Ann Widdecombe has backed the ability of therapists to offer so-called ‘gay cure’ treatments to clients who want to become straight.

In her column in the Daily Express, she questions the lack of availability of therapy for “gays who do not want to be gay”.

Widdecombe wrote about the case of Lesley Pilkington, who was found guilty of malpractice by the British Association for Counselling and Psychotherapy last year.

She argues that if a gay person wants to change their sexuality, professional help should be available to them, despite a lack of scientific evidence for it working.

She wrote: “When I was training as a Samaritan in the Eighties the first principle was never to dismiss another’s priorities.

“If a man rang in and said he was gay we should never say, “Oh, that doesn’t matter, it’s OK to be gay,” if he took the opposite view.”

The former minister is the second high-profile voice this week to back ‘reparative therapy’ in the face of general medical opinion against it.

Lord Carey, the former Archbishop of Canterbury, is backing Lesley Pilkington’s appeal.

He wrote to the BACP, which is hearing the appeal, with other bishops to say that such ‘gay cure’ attempts do not “produce harm despite the Royal College of Psychiatrists and others maintaining the contrary”.

The Royal College of Psychiatrists’ official position on the issue says: “There is no sound scientific evidence that sexual orientation can be changed. Furthermore, so-called treatments of homosexuality create a setting in which prejudice and discrimination flourish.”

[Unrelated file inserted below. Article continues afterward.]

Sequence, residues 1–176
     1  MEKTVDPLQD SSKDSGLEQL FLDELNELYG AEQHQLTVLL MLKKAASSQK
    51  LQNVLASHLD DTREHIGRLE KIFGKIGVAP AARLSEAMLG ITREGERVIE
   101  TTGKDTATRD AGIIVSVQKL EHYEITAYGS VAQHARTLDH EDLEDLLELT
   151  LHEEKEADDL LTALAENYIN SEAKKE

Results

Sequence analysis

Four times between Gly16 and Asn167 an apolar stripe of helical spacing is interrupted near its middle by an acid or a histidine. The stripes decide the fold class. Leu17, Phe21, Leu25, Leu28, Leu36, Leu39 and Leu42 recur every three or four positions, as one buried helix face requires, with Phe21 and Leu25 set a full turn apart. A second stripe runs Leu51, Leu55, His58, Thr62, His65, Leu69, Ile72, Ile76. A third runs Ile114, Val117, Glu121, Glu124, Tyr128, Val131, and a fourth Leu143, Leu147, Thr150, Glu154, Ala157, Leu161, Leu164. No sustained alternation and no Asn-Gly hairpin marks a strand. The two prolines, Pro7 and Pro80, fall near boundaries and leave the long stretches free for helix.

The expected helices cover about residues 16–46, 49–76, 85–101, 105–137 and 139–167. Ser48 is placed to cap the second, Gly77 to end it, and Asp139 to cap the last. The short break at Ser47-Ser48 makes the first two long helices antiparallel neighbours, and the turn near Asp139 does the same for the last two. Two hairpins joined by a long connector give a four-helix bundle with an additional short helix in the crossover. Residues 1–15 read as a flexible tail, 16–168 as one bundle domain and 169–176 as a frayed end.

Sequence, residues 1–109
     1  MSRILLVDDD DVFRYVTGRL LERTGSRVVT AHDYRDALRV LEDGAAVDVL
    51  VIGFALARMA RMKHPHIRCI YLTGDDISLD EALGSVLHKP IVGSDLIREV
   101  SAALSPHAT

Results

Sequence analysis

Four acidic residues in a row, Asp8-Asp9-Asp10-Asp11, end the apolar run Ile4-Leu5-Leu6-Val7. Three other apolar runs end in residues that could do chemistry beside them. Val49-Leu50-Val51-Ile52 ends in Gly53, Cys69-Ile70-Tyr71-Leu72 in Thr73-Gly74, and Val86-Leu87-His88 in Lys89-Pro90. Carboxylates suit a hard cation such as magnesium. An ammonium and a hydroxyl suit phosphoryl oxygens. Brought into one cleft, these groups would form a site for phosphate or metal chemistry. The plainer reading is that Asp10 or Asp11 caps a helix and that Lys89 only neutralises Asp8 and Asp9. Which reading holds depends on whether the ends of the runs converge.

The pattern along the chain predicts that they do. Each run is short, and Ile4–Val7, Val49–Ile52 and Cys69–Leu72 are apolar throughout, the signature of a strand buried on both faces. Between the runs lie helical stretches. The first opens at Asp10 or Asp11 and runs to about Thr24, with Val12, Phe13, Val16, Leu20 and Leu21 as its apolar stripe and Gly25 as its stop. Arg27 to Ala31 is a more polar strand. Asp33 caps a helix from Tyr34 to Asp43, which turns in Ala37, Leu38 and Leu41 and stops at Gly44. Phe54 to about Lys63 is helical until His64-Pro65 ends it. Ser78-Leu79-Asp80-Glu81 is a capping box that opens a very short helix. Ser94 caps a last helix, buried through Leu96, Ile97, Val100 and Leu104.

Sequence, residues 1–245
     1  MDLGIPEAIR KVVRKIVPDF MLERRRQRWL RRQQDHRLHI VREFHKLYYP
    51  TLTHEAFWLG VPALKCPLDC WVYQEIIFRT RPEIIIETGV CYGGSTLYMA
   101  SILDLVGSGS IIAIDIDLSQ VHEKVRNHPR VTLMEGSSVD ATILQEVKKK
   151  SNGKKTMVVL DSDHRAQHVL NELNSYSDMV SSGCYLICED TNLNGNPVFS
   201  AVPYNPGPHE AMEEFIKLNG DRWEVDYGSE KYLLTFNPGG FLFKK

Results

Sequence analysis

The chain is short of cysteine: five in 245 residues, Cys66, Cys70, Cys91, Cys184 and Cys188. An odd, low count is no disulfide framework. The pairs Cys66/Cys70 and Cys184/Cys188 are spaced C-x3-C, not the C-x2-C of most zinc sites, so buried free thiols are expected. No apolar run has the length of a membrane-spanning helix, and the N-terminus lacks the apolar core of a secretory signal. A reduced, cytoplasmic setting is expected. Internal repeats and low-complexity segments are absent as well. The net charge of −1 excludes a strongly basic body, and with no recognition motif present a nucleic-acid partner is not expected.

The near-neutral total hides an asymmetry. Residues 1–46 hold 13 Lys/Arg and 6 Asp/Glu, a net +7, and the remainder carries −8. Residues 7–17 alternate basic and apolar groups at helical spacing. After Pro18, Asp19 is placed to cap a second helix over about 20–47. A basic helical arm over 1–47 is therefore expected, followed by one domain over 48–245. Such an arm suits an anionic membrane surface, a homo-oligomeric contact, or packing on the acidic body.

Widdecombe says the “homosexual lobby” has directed particular attention to Pilkington’s religion.

The retired minister herself famously converted to Catholicism, leaving the Church of England in favour of a denomination which, she said, “doesn’t care if something is unpopular”.

Drawing a comparison with the case of the Muslim men found guilty of distributing material intended to stir up anti-gay hatred, she queries why Christians, who make up 72% of the British population, are “targeted by gay activists” more frequently than Muslims, who make up 3%.

Widdecombe did not support ParliOut, the first LGBT (lesbian, gay, bisexual and transgender) network for the Parliamentary staff, MPs and Lords in 2010.

She said: “No I do not. MPs are supposed to be there to help other people not to go whingeing on their own behalf. I cannot understand the modern day emphasis and fascination and obsession with people’s private lives.

She added: “We have had gay MPs since we’ve had MPs…we’ve had gay everythings. It is not an issue and what we are doing now is encouraging your profession to go into everybody’s private lives.”

Widdecombe’s comments add to an ongoing public debate about ‘gay cure’ practices.

Last week, the New York-based rabbi who heads Amsterdam’s Orthodox Ashkenazi community had said he feared for his life after he was suspended for signing a ‘gay cure’ declaration.

One of the signatories to the Torah declaration signed by Rabbi Aryeh Ralbag is Arthur Goldberg, a co-director of JONAH.

JONAH, Jews Offering New Alternatives for Healing (formerly Jews Offering New Alternatives to Homosexuality), was in the news this month after JFS, a Jewish school in London, showed students a slide displaying its logo during a discussion on homosexuality.

The school strongly denied promoting the ex-gay group as an option for possibly gay students to explore.